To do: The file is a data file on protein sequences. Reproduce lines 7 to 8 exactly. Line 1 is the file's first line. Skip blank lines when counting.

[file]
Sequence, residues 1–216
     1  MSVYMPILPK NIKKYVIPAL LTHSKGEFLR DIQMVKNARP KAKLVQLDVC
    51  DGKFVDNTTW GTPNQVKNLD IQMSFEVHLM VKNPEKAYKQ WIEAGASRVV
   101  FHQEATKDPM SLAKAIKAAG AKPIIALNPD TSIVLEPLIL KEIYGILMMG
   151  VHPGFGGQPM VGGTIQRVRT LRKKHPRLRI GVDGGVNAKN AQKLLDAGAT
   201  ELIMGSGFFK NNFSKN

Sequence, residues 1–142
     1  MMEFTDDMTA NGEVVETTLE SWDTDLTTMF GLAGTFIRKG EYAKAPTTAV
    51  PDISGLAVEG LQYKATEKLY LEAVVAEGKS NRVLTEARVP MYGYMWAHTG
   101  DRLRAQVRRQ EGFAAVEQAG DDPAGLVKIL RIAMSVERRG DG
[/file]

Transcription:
Sequence, residues 1–142
     1  MMEFTDDMTA NGEVVETTLE SWDTDLTTMF GLAGTFIRKG EYAKAPTTAV